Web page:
A committee established by the Finnish Ministry of Economic Affairs and Employment has proposed that the legislation relating to non-compete agreements be amended so that in the future employers would have to pay employees a percentage-based compensation for all non-compete agreements within the restriction period, corresponding to the pay periods in effect during employment. The proposal also includes amending the legislation so that employers could unilaterally terminate non-compete agreements during employment. Importantly, the amendments also apply to certain non-compete agreements executed before the new legislation enters into force.
According to the current Employment Contracts Act and the Seafarers’ Employment Contracts Act, a non-compete clause may, for a particularly important reason, after termination of employment, restrict an employee's right to enter into an employment contract with an employer engaged in competing activities, thereby restricting the employee's right to engage in competing activities for a specified period of time. At present, the restriction period can be up to six months or, if the employee is paid reasonable compensation, up to one year.
In November 2019, the Ministry of Economic Affairs and Employment set up a tripartite committee to consider and recommend changes to the current law governing non-compete agreements. According to the report issued by the committee, the use of non-compete agreements has increased and become more widespread. In addition, such agreements are commonly used in situations where there does not appear to be a particularly important reason justifying a non-compete agreement, which is required by law. The purpose of the proposed amendments to the law is thus (1) to prevent more effectively the use of unlawful non-compete obligations and (2) to promote dynamism in the labour market. The committee’s draft amendments were submitted for consultation in April 2020 and they are scheduled to be presented to the Government before the end of August 2020.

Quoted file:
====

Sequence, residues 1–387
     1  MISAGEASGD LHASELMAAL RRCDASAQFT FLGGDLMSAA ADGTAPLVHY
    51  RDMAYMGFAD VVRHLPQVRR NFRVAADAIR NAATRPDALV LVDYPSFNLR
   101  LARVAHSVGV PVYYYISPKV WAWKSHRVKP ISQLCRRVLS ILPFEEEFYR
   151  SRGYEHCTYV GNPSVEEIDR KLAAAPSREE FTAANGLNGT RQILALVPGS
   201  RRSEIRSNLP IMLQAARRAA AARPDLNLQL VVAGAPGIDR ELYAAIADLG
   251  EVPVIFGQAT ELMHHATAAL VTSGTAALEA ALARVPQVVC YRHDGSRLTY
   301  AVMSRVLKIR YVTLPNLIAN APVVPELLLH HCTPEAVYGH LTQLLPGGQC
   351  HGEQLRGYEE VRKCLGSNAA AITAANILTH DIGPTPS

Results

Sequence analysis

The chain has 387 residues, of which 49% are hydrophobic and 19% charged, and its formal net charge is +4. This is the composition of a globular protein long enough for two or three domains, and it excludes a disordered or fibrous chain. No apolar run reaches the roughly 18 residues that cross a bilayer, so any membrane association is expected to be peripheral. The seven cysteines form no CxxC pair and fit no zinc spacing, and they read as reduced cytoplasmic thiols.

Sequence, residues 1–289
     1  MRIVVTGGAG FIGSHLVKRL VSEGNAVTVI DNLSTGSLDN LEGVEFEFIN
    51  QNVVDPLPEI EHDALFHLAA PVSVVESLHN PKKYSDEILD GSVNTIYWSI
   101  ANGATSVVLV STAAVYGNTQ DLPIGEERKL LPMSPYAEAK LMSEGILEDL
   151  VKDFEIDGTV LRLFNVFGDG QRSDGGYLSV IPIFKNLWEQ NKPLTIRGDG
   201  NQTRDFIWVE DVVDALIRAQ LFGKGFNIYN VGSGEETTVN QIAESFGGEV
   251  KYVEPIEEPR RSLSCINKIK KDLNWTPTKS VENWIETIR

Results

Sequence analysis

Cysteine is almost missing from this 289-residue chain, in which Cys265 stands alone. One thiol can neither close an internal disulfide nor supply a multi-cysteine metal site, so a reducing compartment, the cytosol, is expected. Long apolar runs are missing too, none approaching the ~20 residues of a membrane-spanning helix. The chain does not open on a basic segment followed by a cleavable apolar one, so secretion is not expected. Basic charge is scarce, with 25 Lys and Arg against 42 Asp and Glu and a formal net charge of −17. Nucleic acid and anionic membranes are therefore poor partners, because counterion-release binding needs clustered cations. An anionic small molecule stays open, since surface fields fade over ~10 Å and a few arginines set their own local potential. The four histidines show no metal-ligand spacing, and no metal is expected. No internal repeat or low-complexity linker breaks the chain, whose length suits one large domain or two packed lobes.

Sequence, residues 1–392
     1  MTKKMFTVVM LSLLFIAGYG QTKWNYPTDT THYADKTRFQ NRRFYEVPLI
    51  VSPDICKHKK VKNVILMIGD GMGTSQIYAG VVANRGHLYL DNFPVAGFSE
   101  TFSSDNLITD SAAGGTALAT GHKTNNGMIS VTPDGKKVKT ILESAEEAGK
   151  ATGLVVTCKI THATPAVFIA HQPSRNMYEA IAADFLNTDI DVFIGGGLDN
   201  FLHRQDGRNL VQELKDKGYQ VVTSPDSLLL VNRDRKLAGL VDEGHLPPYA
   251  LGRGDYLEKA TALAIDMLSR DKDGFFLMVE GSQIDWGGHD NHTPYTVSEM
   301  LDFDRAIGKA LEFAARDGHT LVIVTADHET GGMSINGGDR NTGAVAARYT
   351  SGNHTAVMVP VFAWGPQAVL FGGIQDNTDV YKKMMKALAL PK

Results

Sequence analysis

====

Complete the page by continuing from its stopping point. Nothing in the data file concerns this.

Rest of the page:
What will change?
1. Extension of liability for compensation applies to all non-compete agreements, regardless of the duration of the obligation
Under the current legislation, the obligation to pay compensation to employees for non-compete agreements only applies if the restriction period is over six months. The proposed amendment would extend the compensation obligation to all non-compete agreements, regardless of the duration of the non-compete obligation.
2. Statutory minimum compensation amounts
The bill introduces an obligation to pay employees a certain statutory minimum percentage-based compensation for the restriction period.
According to the proposal, for a restriction period of up to six months, employers should pay at least 40% of the employee's salary where such compensation is based on the length of the restriction period. For a restriction period of more than six months, the compensation should be at least 60% of the salary.
The purpose of this amendment is to encourage employers to use shorter non-compete agreements. In addition, the actual effect of non-compete obligations on employees varies from case to case, so determining a common level of compensation would eliminate the need to determine the actual damages in each individual case.
3. Timing of payment